September 24, 2017

Bearcats Blown Away by Chalk Fest -

Tuesday, May 23, 2017

The New Tardy Policy Pilot Is Over -

Tuesday, May 23, 2017

SMHS Chalk Fest is an Instant Successes -

Tuesday, May 16, 2017

Chalk Fest is Shaping Up Well This Year -

Tuesday, May 16, 2017

Boys Volleyball Season Comes to a Close -

Thursday, May 11, 2017

Bearcat Chefs Compete in Nacho Contest -

Tuesday, May 9, 2017

Bearcat Invitational Track Meet a Huge Success -

Monday, May 8, 2017

Concert Band Prepares for Spring Concert -

Tuesday, May 2, 2017

Students: “Beware the Banality of a Busy Life” -

Tuesday, May 2, 2017

Roger Federer Proves he is the GOAT -

Tuesday, April 25, 2017

Coach John Tells Us About Boys Tennis -

Tuesday, April 25, 2017

Olaiha Fonua and His Friend Perform at Green Week -

Thursday, April 20, 2017

Eureka, We Built It! -

Thursday, April 20, 2017

International Week Celebrates Diversity -

Tuesday, April 18, 2017

International Week Shines -

Tuesday, April 11, 2017

Patent Battle Closed for CRISPR -

Thursday, March 30, 2017

Trump’s New Executive Order Is Not Effective -

Thursday, March 30, 2017

Uber Drives Itself Into a Corner -

Thursday, March 30, 2017

A New Tale That’s As Old As Time -

Thursday, March 30, 2017

“Life” Falls Flat -

Thursday, March 30, 2017

LEGO Batman Succeeds in Theaters

batman graphic V1

“The Lego Batman Movie” is a CGI Lego-inspired movie directed by Chris McKay and written by Seth Grahame-Smith, Jared Stern, Chris McKenna, Erik Sommers and John Whittington. McKay previously supervised animation on the very successful “Lego Movie,” which served as the basis for “The Lego Batman Movie.” Will Arnett stars as the cryptic Batman, with Zach Galifianakis voicing a surprisingly sensitive Joker and finally, Michael Cera as Batman’s adopted son, Nightwing (Robin).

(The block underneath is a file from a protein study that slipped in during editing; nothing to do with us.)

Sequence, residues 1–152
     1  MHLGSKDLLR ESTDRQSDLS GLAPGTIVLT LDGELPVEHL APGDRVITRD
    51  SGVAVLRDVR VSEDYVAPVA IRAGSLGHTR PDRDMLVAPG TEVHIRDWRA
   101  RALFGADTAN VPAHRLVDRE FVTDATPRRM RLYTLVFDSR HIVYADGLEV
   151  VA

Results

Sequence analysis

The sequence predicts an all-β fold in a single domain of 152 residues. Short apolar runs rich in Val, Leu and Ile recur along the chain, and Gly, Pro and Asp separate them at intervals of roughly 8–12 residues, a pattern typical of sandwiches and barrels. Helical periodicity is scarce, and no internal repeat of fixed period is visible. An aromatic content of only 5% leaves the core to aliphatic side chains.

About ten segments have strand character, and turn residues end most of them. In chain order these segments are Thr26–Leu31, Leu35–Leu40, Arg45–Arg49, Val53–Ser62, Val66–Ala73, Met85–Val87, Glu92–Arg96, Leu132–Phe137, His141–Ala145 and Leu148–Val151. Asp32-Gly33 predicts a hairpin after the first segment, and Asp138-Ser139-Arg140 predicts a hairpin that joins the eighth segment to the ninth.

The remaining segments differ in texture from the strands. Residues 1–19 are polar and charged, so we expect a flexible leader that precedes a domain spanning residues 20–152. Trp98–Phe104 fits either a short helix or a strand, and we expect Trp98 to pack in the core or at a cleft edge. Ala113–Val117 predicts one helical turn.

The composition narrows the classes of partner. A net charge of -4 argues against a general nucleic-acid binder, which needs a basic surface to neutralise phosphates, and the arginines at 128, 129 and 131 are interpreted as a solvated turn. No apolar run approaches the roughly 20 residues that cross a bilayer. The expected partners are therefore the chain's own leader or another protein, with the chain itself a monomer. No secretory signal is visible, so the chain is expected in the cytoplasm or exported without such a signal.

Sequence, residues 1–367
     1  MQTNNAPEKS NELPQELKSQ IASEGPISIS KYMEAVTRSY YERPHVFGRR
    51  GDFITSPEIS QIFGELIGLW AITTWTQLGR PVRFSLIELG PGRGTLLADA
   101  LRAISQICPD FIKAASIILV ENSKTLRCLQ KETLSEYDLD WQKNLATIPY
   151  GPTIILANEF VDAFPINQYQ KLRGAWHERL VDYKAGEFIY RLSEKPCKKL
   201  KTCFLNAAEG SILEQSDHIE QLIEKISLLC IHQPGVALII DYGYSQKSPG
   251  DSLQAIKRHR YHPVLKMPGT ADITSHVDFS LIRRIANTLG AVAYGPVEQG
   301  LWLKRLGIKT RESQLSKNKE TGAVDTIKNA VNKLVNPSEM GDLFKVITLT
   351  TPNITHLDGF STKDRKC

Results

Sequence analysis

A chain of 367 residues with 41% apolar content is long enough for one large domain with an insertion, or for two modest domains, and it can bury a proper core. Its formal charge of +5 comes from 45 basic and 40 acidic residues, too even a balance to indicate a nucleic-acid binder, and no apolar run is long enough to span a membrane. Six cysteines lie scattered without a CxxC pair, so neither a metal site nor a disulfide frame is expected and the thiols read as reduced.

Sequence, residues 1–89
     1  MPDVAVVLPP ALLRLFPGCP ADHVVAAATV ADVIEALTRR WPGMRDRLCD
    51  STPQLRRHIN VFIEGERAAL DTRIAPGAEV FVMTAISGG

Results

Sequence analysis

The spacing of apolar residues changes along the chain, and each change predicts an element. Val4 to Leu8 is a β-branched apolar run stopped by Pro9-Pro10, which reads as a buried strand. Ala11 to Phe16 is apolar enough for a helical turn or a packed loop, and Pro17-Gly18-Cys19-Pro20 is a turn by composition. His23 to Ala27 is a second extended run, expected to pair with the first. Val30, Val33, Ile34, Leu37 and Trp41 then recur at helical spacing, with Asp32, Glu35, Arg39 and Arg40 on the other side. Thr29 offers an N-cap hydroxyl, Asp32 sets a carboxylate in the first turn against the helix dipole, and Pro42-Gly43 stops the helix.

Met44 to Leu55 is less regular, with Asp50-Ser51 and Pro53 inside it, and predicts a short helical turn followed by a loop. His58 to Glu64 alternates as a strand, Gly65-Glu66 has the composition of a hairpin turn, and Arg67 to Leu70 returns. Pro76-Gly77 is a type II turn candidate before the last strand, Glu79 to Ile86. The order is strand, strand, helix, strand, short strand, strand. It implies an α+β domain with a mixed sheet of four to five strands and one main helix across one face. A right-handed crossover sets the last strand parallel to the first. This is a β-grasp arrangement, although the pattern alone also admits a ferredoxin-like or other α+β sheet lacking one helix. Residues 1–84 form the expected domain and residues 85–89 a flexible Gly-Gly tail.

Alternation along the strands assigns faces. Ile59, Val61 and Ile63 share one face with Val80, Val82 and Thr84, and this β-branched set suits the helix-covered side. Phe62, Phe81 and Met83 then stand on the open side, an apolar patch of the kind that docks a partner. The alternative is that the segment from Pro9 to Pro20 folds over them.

After countless Batman films and comics (all of which the movie acknowledges), everyone accepts the fact that Batman has no problem outsmarting the same Gotham villains over and over. Now, the biggest challenge Batman faces is working as a part of a team and letting himself become part of a family again.

 

The movie came into theaters in the United States on Feb. 10, 2017, releasing alongside two other movie sequels, “John Wick Chapter 2” and “Fifty Shades Darker.” In its opening weekend, “The Lego Batman Movie” topped the box office, earning $53 million dollars. As of Feb. 20, “The Lego Batman Movie” had grossed $172 million worldwide, surpassing its $80 million budget.

 

“Lego Batman” earned a 91% rating on Rotten Tomatoes, a score of 7.7/10 on IMDb and a rating of 4/5 stars by Empire. The movie is “a highly quotable, visual treat that’s packed with in-jokes but is entertaining enough on its own terms to work for fans and non-fans alike. The best Batman film in years,” wrote Jonathan Pile from Empire.

 

Altogether, “The Lego Batman Movie” has enough action and silliness to captivate children while still offering plenty of pop culture and fourth-wall-breaking Batman references to keep adults entertained. The humor and shrewd nature of “Lego Batman” puts a refreshing, silly spin on the traditionally dark and gloomy Batman franchise. Because “Lego Batman” only uses the Lego animation style, it is automatically more lively, colorful and cartoonish than all other Batman movies, while still having the allure of self-mocking humor that made “Deadpool” such a hit.

 

I definitely recommend “The Lego Batman Movie” to longtime fans and newcomers of the Batman series alike. It’s certainly a film for everyone because “every action sequence crackles with childlike energy, making viewers feel as if they’re in the hands of a kid playing with his toys,” said David Sims, a writer for The Atlantic.

 

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